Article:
Homie, don't play that. What's with the gender specific terms, yo? (Comedienne I don't mind, although it's pretty much the most useless gender-specific term ever. Because, you know, I don't hear much of a difference in the pronunciation from comedian!)
I started correcting this (along with writing implement, not writing utensil) in ninth grade after I read a Reader's Digest article about archaic gender-specific terms for gender-neutral faculties. And at first I did it to mock the feminists, and then it morphed into more of a, "You know, actress is an annoying word! Why is a woman who acts any different than a man who acts? Call 'em actors." Little gender-specific terms are seemingly and usually harmless, but they continue to reinforce the notion women aren't as equal as men.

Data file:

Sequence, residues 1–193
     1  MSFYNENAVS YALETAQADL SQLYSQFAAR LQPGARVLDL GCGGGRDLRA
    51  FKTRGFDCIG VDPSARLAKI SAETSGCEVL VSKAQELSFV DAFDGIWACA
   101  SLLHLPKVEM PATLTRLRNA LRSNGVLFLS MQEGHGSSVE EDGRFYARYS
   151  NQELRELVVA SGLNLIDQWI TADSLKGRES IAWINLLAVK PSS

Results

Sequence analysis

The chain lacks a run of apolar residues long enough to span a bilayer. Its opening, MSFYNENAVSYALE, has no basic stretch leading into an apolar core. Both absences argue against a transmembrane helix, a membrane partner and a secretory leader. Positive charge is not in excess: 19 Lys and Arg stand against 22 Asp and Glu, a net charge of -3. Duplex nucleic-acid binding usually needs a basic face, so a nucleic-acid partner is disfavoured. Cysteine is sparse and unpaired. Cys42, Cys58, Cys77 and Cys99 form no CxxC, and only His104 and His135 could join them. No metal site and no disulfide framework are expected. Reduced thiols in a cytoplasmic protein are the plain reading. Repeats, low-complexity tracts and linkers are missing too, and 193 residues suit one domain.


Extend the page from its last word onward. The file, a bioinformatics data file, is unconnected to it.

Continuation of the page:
Don't get me wrong, girl power is silly. It just occurs to me every once in a while that I've taken for granted the opportunities I have. I love school, I can go to school, I can pursue whatever profession I want, thanks to Hillary I can run for President if I want. (Okay, yeah, that was a little sarcastic. Sorry.) And imagine, in some countries women can't vote. In some countries, women get acid poured on them if they try to go to school. People hated Margaret Thatcher, Golda Meir, Benazir Bhutto . . . taking my equality for granted is the surest way to lose it.
At the same time, I hate acknowledging inequality of genders. It's like acknowledging racism. Racism will exist for as long as we have a word for it. Pointing out that women are sometimes still not regarded as equal in this world reinforces the existence of gender inequality. Same goes for agism. (Agism . . . nothing feels more strange than being hated or ignored because of your age.) Labels prove themselves futile over and over again.